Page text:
We have jurisdiction pursuant to 28 U.S.C. Sec. 1291 and affirm. We apply well-settled Supreme Court authority to hold that the state's post-impasse, post-successor-agreement application of its minimum overtime requirements to the gap period during which the employees were not covered by a collective bargaining agreement did not interfere with the collective bargaining process.



The background facts are neither complex nor materially disputed. NBC and NABET were parties to a collective bargaining agreement that expired on March 31, 1990. The parties negotiated for the next several months but failed to reach an agreement. On August 15, 1990, NBC declared an impasse and unilaterally imposed several of its proposals. The subsequent negotiations yielded an agreement and the parties entered into a new agreement effective February 9, 1991.


Under Sec. 3(A) of the California Industrial Welfare Commission Wage Order No. 11-80, 8 Cal.Code Reg. Sec. 11110 (1980), employees in the broadcast industry who work more than twelve hours in a single day must be paid at least double the regular rate of pay for such overtime. Section 3(F) of the Wage Order provides an exemption to the overtime requirement for


any employee covered by a collective bargaining agreement if said agreement provides premium wage rates for overtime work and a cash wage rate for such employee of not less than one dollar ($1.00) per hour more than the minimum wage.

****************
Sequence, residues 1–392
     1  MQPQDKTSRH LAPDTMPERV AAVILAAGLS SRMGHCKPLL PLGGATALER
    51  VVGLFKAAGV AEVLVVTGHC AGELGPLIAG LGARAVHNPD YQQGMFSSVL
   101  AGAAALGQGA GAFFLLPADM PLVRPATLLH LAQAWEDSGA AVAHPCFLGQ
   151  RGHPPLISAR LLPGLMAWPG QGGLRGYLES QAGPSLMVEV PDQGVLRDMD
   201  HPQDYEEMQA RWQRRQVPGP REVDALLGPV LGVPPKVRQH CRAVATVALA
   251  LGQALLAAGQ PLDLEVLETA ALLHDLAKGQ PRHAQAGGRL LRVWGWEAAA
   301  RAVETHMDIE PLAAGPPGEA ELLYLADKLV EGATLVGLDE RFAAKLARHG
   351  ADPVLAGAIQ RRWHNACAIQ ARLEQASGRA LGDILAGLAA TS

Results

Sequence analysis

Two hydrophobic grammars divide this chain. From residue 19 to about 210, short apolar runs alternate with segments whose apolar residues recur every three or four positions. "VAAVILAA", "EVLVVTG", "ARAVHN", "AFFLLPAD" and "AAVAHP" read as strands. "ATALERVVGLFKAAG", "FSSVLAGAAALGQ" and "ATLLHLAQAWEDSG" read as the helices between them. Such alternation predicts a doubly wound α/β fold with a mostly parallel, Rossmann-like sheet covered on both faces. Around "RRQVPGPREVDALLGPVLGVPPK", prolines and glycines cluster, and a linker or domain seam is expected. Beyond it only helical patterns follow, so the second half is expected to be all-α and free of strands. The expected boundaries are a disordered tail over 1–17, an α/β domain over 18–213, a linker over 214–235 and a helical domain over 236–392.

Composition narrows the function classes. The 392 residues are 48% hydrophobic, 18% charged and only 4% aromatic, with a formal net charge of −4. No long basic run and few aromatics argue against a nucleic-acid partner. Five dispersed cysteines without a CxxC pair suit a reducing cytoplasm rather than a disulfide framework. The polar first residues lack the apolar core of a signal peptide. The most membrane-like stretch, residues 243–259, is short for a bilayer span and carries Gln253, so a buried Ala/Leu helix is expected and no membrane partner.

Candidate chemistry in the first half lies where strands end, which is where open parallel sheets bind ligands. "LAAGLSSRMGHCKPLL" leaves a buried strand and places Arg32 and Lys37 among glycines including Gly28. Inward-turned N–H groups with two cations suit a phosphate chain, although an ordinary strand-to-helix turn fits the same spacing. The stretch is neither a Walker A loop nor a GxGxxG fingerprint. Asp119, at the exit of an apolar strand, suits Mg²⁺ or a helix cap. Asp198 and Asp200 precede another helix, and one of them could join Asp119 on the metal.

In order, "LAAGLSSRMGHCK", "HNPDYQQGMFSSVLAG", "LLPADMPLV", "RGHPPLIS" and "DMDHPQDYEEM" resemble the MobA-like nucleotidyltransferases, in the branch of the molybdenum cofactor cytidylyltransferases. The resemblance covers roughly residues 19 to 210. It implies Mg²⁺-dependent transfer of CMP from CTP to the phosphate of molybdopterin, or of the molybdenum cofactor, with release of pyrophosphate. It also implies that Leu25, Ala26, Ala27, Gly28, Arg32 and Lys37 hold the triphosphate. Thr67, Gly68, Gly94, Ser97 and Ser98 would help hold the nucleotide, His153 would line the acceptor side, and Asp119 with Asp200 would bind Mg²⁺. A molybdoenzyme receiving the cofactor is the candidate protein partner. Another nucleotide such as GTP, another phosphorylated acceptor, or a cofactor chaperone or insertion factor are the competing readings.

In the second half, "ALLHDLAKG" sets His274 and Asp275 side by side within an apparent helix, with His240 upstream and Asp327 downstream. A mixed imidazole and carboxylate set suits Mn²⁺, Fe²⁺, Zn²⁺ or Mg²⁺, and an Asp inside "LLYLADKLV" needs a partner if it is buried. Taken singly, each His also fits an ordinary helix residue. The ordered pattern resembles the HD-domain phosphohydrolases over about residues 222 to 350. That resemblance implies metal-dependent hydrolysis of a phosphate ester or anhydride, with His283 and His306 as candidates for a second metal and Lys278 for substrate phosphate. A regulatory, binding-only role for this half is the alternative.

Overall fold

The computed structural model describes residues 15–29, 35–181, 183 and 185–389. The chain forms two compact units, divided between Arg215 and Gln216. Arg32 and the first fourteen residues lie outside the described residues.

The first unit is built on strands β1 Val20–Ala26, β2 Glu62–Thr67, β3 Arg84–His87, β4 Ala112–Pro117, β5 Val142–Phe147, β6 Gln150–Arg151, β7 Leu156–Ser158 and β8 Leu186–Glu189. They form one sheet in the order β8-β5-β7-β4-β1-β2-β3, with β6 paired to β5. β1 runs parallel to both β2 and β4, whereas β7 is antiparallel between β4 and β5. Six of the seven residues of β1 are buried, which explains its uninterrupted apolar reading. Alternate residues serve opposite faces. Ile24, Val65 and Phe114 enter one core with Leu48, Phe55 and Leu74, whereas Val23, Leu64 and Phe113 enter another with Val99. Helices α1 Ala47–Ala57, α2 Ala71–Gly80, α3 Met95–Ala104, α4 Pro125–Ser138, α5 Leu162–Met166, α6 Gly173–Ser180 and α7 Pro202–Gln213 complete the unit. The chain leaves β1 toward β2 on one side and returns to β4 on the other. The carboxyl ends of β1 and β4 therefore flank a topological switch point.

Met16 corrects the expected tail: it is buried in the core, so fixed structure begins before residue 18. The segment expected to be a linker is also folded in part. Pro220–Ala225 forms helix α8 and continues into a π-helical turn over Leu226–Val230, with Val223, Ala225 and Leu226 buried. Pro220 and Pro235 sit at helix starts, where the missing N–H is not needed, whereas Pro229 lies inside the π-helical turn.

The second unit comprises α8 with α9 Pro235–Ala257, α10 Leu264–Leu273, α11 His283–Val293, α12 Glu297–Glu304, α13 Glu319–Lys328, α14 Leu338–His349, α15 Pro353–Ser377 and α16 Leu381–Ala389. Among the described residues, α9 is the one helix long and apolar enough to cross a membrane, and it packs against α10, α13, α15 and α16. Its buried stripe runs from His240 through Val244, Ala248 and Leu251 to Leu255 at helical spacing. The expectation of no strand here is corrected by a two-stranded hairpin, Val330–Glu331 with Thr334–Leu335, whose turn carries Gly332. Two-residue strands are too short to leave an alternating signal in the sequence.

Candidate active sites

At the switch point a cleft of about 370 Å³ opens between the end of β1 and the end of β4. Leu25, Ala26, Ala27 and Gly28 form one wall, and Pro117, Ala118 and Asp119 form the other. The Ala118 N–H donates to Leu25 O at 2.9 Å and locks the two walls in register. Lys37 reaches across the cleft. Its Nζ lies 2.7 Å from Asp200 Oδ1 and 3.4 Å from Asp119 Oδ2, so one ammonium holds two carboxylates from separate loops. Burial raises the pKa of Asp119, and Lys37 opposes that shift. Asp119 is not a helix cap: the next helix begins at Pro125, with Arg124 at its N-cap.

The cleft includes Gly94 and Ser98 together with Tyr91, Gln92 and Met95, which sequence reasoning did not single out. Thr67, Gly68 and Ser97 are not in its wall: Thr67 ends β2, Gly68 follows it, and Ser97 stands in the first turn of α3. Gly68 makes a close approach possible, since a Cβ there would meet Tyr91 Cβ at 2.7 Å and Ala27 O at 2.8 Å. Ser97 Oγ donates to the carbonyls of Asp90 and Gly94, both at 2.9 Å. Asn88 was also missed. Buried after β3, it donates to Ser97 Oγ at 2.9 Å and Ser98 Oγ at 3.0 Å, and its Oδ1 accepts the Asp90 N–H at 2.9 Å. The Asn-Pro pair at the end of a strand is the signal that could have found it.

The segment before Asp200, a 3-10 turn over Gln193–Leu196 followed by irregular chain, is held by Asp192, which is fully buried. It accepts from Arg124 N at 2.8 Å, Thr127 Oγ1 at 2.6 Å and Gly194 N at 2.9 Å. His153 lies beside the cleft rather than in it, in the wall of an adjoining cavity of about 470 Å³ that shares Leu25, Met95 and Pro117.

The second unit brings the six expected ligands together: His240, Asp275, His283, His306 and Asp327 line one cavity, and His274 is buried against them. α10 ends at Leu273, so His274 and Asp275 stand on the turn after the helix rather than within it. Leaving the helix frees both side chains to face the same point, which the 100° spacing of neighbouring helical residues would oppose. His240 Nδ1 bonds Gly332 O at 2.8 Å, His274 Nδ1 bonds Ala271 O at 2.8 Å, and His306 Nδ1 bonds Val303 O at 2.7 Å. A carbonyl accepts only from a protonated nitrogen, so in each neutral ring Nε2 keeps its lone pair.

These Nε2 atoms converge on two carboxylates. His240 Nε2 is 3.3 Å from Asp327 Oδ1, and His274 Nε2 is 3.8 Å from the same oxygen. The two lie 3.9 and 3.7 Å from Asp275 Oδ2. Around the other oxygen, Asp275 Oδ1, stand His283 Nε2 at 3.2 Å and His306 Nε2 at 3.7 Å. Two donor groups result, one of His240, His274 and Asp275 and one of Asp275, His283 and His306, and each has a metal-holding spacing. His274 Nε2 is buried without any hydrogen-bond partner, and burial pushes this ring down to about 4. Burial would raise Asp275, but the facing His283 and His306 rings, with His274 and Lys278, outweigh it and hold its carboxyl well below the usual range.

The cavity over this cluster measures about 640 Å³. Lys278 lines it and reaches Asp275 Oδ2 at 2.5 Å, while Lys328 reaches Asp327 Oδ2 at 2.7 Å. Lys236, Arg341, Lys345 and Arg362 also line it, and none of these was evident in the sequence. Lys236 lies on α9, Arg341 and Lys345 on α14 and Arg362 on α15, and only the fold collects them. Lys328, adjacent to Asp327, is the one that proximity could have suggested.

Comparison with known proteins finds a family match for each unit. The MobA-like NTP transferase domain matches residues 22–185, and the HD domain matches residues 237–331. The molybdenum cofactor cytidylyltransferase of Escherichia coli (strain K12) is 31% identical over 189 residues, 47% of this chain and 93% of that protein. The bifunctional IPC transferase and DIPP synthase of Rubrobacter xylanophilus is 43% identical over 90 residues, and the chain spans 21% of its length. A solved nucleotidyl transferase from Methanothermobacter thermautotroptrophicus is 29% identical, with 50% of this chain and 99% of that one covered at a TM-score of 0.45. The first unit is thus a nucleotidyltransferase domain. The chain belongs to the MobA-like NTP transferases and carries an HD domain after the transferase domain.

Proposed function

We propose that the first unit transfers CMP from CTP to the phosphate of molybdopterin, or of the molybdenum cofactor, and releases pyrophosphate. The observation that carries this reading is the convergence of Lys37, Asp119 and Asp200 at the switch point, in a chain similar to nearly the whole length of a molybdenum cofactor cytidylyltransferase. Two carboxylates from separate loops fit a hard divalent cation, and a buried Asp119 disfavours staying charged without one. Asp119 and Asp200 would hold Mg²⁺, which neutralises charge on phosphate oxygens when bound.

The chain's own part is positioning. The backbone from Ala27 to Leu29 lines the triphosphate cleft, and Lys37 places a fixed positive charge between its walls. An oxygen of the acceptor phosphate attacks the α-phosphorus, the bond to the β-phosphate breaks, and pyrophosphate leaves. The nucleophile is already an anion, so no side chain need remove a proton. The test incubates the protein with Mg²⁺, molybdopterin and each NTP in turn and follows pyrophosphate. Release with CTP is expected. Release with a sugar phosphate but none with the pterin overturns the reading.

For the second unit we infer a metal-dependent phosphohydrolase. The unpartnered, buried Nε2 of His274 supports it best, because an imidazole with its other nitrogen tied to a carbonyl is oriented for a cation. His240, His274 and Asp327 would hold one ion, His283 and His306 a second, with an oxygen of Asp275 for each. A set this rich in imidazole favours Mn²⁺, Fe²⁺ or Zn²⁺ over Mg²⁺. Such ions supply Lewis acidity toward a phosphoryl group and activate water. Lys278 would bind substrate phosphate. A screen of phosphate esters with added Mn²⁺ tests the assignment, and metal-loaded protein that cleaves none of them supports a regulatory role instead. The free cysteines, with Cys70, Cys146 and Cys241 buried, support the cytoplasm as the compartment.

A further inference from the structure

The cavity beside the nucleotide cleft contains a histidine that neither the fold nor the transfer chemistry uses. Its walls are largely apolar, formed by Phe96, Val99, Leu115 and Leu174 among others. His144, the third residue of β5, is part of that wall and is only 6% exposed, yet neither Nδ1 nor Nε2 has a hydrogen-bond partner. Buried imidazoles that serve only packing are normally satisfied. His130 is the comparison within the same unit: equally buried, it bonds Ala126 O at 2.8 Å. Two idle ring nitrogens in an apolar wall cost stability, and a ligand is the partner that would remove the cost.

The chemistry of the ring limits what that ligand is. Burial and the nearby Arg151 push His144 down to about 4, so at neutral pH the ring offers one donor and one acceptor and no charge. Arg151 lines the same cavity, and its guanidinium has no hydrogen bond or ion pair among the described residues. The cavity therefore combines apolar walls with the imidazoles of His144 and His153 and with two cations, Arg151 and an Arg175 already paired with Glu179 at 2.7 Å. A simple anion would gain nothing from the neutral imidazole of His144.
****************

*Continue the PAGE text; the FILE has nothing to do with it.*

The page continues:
8 Cal.Code Reg. Sec. 11110(3)(F).

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Both the expired agreement and the new agreement met the substantive requirements for the Wage Order's Sec. 3(F) overtime exemption. During the period that was not governed by a valid collective bargaining agreement, i.e., between April 1, 1990 and February 8, 1991, NBC continued to pay its employees overtime at the same rate it had paid under the expired agreement. The February 9, 1991 agreement provided for increased wages but did not provide that the overtime provisions retroactively cover the inter-agreement gap period.


In December 1990, NABET-member employees of NBC had begun filing claims with the California Labor Commission for enforcement of state law provisions for overtime worked during the gap period. On April 2, 1991, counsel for the then acting Labor Commissioner sent a letter to NBC that explained that the NABET-members' claims had been handled in accordance with the Commission's long-standing practice of waiting until the parties enter into a new agreement and then applying Wage Order 11-80's provisions to the interim period only if the overtime provisions of the successor contract are not made retroactive to the date of the old contract's expiration. The letter stated in relevant part:[T]he division has a long-established policy that provides that the mere expiration of a collective bargaining agreement will not operate to remove the worker from coverage by the collective bargaining agreement. Absent some other unilateral action by the parties to the expired CBA, the terms and conditions of the agreement (except for arbitration and union recognition) continue. In the vast majority of cases the parties reach agreement and retroactively implement the newly negotiated terms and conditions.